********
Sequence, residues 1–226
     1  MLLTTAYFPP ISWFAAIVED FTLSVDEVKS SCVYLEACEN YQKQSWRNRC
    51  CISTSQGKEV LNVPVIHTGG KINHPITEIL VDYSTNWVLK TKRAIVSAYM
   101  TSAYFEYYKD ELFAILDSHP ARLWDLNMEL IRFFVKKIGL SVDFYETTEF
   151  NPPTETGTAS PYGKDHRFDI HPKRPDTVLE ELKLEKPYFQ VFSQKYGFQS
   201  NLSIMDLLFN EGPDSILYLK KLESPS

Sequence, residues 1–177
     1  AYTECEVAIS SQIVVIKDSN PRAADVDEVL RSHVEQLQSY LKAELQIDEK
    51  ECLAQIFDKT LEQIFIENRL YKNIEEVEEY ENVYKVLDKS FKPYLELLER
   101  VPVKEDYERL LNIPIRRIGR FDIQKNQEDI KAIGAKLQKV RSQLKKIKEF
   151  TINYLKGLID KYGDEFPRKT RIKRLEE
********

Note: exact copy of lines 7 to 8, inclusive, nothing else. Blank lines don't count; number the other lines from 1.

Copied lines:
Sequence, residues 1–177
     1  AYTECEVAIS SQIVVIKDSN PRAADVDEVL RSHVEQLQSY LKAELQIDEK